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Storing chocolate in a "Chocolate" Cooler
July 20, 2005
10:00 pm
Masur
Stockholm, Sweden
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This is one recommendation about storing chocolate (it differs a bit from other recommendations I've seen):
[url="http://www.joyofbaking.com/ChoosingStoringChocolate.html"]Recommendation![/url] A wine cooler might work for storing chocolate but I think it can be improved. Humidity seems to be a bit high in a wine cooler. A manufacturer might be interest to create one if it's not too difficult. A local Swedish wine cooler distributer promised to check with a manufacturer if we can specify what's needed. So what do you think of the effort to create a chocolate cooler?

"Porcelana: The Holy Grail of Pure Criollos" (Maricel E. Presilla)

"Porcelana: The Holy Grail of Pure Criollos" (Maricel E. Presilla)
July 22, 2005
1:33 pm
chocoholic
Stockholm, Sweden
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June 15, 2005
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that sounds great Per. let me know when they could make it :)

July 22, 2005
4:50 pm
ellie
london, United Kingdom
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Dear Masur, your link isn't working for some reason with me. V. curious what's there. I personally did not have problems storing my stock in the fridge - in fact, average temp there is 8 C, not too far from recomended. But I think there is a need for proper low humidity cooler for storing chocolate - just it shouldn't be overcomplicated and expensive. Wine coolers normally also try to solve a problem of any possible shakes and movements, aren't they? Which is not essential for chocolate :)

July 22, 2005
6:13 pm
Masur
Stockholm, Sweden
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Sorry Ellie, the link is working now.

"Porcelana: The Holy Grail of Pure Criollos" (Maricel E. Presilla)

"Porcelana: The Holy Grail of Pure Criollos" (Maricel E. Presilla)
July 22, 2005
10:38 pm
Hans-Peter Rot
USA
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I would love to see a refrigerator made specifically for chocolate, but for now, a wine cooler is the best thing. I believe there are certain models that keep humidity at a minimum, but of course, opening and closing of the door is sure to create temperature fluctuations and humidity problems as well. However, if you wrap your chocolate in foil, the chances of negative effects might be reduced tremendously. Also, these said refrigerators cost several times more than the "normal" ones, with prices reaching up to $500 or so.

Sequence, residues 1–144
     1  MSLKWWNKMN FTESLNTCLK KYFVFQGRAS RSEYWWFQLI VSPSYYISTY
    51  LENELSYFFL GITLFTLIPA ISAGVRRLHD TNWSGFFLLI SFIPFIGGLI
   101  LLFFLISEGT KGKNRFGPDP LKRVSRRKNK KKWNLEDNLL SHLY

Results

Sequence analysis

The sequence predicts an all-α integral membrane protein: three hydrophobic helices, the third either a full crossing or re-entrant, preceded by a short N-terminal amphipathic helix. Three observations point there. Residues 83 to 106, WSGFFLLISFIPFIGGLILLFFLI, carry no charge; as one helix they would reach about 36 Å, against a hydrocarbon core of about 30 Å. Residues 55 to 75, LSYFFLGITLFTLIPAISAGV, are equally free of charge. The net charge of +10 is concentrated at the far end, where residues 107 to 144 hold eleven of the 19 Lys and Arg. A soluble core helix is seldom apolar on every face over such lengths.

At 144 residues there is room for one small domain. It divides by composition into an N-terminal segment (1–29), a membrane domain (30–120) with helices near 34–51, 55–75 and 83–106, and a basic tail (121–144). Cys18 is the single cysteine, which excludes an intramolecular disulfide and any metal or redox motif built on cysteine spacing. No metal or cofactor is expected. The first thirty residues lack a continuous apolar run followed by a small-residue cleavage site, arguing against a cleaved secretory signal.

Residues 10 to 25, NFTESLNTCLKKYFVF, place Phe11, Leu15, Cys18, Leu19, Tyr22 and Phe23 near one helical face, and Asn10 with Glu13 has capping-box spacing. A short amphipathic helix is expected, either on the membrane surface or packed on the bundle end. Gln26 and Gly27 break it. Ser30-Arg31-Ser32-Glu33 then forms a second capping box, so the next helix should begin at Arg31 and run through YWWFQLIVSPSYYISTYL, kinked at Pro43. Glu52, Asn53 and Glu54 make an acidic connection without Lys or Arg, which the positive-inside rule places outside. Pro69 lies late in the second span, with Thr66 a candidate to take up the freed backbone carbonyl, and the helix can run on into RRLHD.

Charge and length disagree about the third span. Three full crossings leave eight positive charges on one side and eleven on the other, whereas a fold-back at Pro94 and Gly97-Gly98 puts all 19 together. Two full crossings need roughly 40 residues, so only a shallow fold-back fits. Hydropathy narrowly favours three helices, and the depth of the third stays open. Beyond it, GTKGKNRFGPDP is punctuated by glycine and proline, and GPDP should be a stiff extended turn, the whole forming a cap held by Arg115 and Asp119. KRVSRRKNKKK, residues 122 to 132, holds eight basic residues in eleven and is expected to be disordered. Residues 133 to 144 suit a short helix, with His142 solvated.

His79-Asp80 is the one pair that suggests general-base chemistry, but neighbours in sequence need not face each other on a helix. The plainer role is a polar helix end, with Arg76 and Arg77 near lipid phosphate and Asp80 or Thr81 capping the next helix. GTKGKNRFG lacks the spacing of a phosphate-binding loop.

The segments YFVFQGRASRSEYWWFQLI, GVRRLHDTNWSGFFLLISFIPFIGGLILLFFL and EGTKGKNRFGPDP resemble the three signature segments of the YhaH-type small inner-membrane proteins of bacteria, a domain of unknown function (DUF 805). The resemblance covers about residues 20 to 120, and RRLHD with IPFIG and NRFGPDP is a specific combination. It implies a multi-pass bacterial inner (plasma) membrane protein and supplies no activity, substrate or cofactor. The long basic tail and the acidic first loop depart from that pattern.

July 22, 2005
11:01 pm
Masur
Stockholm, Sweden
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You can by a wine cooler made in China for a bit more than $1000 in Sweden. You must pay twice as much for a similar wine cooler made in Europe. You can buy both types from the same Italian brand. If the price is right I think there is a market for a chocolate cooler. €1500 might be too high but I think it will be a hit if the price is less than €1000. Maybe for storing vintage chocolate for a few years.

"Porcelana: The Holy Grail of Pure Criollos" (Maricel E. Presilla)

"Porcelana: The Holy Grail of Pure Criollos" (Maricel E. Presilla)
July 23, 2005
3:54 pm
Hans-Peter Rot
USA
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$1,000 for a wine cooler is rather steep, but of course, it depends on how sophisticated it is. The more expensive models here can run up to $500, but these are coolers that have two separate sections for white and red wines and allow for appropriate (and digital) temperature control. More basic ones can go for as little as $75, but generally, on average, expect a price tag of $150.

July 24, 2005
12:42 am
ellie
london, United Kingdom
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Sounds too good.You guys should appreciate cost of living it easy in USA. May b you start with v. basic cooler, but here we have wine coolers which have a lot of care ( say so) of bottles, keep them in constant temp and not, god forbid, shaken in any way...

August 2, 2005
10:13 pm
cybele
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I've been using my husband's wine fridge.

However, when I first put my stuff in there in its regular packaging from the store, he noticed a distinctive chocolate smell when he opened it (it's a 250 bottle cooler).

So, I've now started wrapping mine tightly in plastic to keep the smells from contaminating his corks (I doubt this is really an issue, but more importantly, if my chocolate was smelling up the joint, it probably needed to be sealed better to keep longer).

What I think I want to do is get a sealed plastic box, like a flat shoe box or something that would fit easily on one of the shelves (yes, I get a whole shelf to myself!) to keep them in.

Does anyone think that I'd need to put something else in there to keep the moisture down? Silica gel, one of those chalk humidifier thigns that I used to keep my violin case or maybe just a plain charcoal briquette to cut down on odor transfer?

August 2, 2005
11:22 pm
Hans-Peter Rot
USA
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The odor shouldn't be a problem. Chocolate naturally has that strong smell, but what you could (and should) do is wrap each bar in foil (and put a label on it to dinstinguish each bar), then place them in plastic containers. Not only will this contain the heavenly aroma emanating from the chocolate, but also it will prevent condensation and extreme temperature changes to the chocolate upon opening and closing of the door. Place an open box of baking soda on the bottom shelf of the wine cooler for added odor absorption.

August 4, 2005
4:47 pm
seneca
USA
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Whatever method you choose, do beware condensation...Make sure that chocolate is tightly wrapped or you're likely to get some bloom :-(